The text is organized into nineteen chapters and is logically arranged, moving from the simple to the complex. The first nine chapters provide a core of information considered necessary for all medical-clerical workers. The next eight chapters focus on subject matter more specific to the performance of health unit coordinating procedures. Chapter 18 discusses reviewing for the national certification examination, and Chapter 19 contains numerous sets of physicians' orders for order transcription practice.

The objectives are clearly stated and vocabulary words are listed at the beginning of each chapter; key ideas are highlighted; lists of medical terminology and abbreviations are included; and review questions and activities appear at the end of each chapter.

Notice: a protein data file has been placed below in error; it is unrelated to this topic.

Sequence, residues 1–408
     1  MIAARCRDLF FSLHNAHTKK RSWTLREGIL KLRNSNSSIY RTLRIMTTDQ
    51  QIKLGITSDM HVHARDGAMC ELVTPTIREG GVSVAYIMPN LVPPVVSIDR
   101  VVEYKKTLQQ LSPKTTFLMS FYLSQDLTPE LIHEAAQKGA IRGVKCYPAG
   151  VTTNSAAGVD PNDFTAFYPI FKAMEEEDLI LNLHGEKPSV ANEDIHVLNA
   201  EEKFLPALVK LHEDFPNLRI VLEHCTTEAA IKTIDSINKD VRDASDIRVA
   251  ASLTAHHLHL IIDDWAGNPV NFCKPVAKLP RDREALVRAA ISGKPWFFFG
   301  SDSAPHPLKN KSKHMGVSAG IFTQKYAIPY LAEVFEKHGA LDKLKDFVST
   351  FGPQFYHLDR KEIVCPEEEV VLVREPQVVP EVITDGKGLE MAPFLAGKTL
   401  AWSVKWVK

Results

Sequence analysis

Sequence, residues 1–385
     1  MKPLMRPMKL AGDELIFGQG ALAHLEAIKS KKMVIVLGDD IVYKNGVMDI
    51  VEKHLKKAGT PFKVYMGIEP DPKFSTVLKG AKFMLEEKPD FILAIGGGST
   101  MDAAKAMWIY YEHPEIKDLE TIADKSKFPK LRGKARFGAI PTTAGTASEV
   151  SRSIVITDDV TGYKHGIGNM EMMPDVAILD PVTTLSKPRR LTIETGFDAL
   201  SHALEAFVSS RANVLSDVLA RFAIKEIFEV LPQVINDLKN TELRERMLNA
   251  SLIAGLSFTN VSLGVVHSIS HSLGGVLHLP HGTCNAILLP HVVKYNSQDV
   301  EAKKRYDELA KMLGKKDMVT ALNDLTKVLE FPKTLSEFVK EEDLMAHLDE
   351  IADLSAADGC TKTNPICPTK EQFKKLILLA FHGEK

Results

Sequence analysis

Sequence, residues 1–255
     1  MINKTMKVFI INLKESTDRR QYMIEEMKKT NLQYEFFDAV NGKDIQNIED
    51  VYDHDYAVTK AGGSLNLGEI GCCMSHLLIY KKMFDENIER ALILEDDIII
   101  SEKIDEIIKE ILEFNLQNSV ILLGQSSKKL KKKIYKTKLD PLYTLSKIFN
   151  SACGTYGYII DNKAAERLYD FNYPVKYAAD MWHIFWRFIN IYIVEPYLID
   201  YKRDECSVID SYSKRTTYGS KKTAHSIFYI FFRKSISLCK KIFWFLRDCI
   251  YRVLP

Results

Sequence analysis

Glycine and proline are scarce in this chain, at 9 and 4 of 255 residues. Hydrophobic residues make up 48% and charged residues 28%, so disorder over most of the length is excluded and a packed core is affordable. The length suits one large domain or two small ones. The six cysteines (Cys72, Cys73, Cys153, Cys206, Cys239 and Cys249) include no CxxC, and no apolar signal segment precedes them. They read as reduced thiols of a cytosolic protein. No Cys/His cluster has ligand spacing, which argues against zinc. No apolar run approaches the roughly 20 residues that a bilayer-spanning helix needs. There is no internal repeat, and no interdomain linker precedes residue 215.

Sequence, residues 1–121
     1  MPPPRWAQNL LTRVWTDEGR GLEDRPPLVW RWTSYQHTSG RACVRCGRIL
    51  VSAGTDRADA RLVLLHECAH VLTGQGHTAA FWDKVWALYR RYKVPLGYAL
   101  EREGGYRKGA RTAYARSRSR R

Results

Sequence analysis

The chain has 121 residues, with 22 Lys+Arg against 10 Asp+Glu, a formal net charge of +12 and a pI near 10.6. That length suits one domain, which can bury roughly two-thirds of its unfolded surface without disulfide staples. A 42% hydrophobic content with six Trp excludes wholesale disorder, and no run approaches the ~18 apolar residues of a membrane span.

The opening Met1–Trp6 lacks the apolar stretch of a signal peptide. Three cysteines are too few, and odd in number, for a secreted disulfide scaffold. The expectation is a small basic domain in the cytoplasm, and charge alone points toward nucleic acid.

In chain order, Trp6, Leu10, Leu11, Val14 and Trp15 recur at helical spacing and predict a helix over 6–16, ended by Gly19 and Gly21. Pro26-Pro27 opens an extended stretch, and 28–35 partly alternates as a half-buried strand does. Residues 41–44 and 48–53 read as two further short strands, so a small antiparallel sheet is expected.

NEW FEATURES OF THE FIFTH EDITION

New abbreviations have been added, and new medications have been included and old ones deleted. Chapter 5, Introduction to BodyStructure and Function, has been considerably revised and reorganized, and new information has been included. Sets of review questions have been added throughout the chapter to supplement the Learning Activities at the end of the chapter. Chapter 3, The Hospital Departments, also has been reorganized. New information on hepatitis and AIDS has been included in Chapter 6. Chapter 16, Diagnostic and Therapeutic Department Orders, has been extensively revised, with many new tests and treatments added.